Just to refresh your memory, Pinocchio is the story of a wooden puppet that comes to life. The wooden puppet wants to become a real boy and carries the viewer along on his journey to do just that. The boy is told by the fairy who gave him life that if he lied his nose would grow longer. And, sure enough, each time he told a fib his nose grew. Along this journey the boy is told about going to this wonderful island where boys could go and be boys. There were no rules on this island, just drinking, smoking and whatever else you wanted to do. The boys who had been on the island the longest started becoming very hairy and started growing donkey tails and donkey ears, thus making the slow conversion into a donkey (or ass, as I think most appropriate in this case!).

For most of my childhood, it was always said that if you told a lie your nose would grow longer just like Pinocchio’s. It wasn’t until I watched the film as an adult that I discovered the real take-away message from the story: If you live a life without discipline, unsightly things will happen to you.

Yes, I do realize that the true tragedy might be that I would take away a message of any sort from this childhood Disney film; however, I have always felt that Disney made things fun, yet somewhat meaningful (and thus his tremendous success). In any event, the important thing is to understand the importance of discipline and the role of it in our lives. Because without it, we will lead the life that is set by others and not ourselves. The American author William Feather once wrote, “If we do not discipline ourselves, the world will do it for us.”

This is an integral part of being who you are and not being a cow. Living a disciplined life doesn’t have to be as miserable as it might sound and it is easy to get started … just turn to Day 5. Oh, you mean you haven’t ordered your copy of “Don’t Be A Cow” yet? Please do so today, so you can live your life and not the life established by others. And please continue to come to dontbeacow.com to read our blogs and hopefully share a comment. And follow us on Facebook, twitter, and Instagram.

Discipline will provide the perfect lead in to next week’s blog! See ya’ next week.


Painted Easter Eggs with smiling faces

Christmas – a time of giving and receiving. With Christmas we hear things such as: “Christmas in July,” and “I wish everyday could be Christmas.” Christmas, the holiday where often materialism and commercialism seem to be center stage. But what about Easter? Yes, commercialism has played its part, too, but not nearly to the extent of Christmas. So, what about Easter? When I think of Easter, I think about all the Sunrise services held throughout the world. Everyone awaiting the dawn of a new day.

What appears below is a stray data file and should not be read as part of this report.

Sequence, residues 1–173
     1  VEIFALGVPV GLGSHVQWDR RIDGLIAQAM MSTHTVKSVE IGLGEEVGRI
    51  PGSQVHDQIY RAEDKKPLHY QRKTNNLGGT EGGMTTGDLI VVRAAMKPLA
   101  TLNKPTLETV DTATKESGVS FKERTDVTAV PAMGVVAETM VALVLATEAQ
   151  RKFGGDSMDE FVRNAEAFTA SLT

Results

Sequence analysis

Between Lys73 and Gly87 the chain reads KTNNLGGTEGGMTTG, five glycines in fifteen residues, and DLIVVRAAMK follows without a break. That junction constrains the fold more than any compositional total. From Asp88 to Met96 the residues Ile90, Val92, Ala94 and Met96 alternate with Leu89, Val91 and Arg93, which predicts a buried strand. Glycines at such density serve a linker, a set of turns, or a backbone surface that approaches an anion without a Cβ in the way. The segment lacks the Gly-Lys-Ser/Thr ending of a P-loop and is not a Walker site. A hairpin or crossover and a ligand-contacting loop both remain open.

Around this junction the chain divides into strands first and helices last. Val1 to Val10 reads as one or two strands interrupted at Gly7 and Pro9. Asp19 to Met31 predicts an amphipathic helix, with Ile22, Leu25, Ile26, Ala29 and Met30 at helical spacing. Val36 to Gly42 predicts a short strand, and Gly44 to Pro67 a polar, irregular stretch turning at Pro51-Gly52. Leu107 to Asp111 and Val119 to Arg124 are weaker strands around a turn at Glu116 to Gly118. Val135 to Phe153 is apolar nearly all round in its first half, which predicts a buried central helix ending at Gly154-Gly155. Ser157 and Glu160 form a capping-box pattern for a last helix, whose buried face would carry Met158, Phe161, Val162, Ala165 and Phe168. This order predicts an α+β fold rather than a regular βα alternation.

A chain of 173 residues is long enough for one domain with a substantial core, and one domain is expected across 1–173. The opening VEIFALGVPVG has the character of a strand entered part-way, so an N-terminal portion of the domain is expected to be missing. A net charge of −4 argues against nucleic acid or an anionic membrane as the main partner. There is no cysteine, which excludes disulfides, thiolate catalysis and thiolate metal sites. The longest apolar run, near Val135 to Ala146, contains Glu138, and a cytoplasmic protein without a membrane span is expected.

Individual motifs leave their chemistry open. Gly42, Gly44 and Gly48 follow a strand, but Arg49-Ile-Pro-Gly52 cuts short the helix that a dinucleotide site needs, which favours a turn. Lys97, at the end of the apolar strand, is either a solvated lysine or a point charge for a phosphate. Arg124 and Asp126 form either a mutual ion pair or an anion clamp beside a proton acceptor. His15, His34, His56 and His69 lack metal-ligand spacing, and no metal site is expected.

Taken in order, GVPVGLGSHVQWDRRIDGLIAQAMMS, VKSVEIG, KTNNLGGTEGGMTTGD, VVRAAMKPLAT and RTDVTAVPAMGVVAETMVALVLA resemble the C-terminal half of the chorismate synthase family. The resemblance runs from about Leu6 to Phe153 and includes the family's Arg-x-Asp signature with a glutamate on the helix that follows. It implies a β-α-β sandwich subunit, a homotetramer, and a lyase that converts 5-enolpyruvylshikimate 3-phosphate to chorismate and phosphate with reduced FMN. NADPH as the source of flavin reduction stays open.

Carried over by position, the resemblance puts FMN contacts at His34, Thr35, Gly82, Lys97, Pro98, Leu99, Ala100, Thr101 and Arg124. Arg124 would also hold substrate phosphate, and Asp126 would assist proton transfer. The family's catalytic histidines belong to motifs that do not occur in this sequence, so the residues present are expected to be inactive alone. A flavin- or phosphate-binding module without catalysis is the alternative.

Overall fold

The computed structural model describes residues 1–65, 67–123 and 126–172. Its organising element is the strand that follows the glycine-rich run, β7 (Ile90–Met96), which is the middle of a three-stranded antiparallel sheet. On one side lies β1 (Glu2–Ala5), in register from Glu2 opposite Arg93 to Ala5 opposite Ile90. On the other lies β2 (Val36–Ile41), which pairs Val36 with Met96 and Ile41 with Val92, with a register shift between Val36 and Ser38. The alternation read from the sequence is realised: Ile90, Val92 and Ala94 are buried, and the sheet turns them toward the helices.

Easter is more than a day. It is the marking of the end of one era and the beginning of a new one. Whether you are a Christian or not, the significance of this day throughout the past 2000 years of human history cannot be overstated.

Each day, the sun rises and a new day begins. New adventures, new quests, new mountains to climb, new lions to tame. Unless, of course, you choose to relish in the past and dwell on missed opportunities, past failures or successes, and past grievances.

Our hope on this Easter is that you make every day Easter. A day where you start with anticipation. A day to start anew, a day full of adventure, a day you will conquer, a day you will forgive, a day where you leave the past in the past. We believe this is the message delivered by the one whom which this holiday is celebrated for.

Key to Happiness: Live every day as if it were Easter! To find other keys to happiness please read our book, “Don’t Be A Cow”. And share your own story at www.dontbeacow.com

Keys to Happiness – Lessons from a Giraffe

The whole world, or at least it seems, has been captivated awaiting the arrival of a baby giraffe. It is so nice to see such anticipation, such thrill and excitement created over such a simple act of nature. This is but one example of the beauty of nature. Read more


Oh to be offended,
when at last I thought
my mind was all mended.

Politicians come, politicians go.
Oh to be offended,
when at last I thought
my mind was all mended.

Conflicts arise out of differing points of view.
While one heart simmers, the other stews.
Oh to be offended,
when at last I thought
my mind was all mended.

Out of religions arise
a boasting that is uncompromised.
Oh to be offended,
when at last I thought
my mind was all mended.

Unsightly things and aromas
that make my nostrils sting
my fellow man ungraciously sings.
Oh to be offended,
when at last I thought
my mind was all mended.

Oh when at first I think my eyes have deceived,
truths rain down all through the eve.
Oh to be offended,
when at last I thought
my mind was all mended.

To relinquish control
to some other soul.
Oh to be offended,
when at last I thought
my mind was all mended.

Influences come, influences go.
Oh to be offended,
when at last I thought
my mind was all mended.

At last I come to rest
seldom offering my best.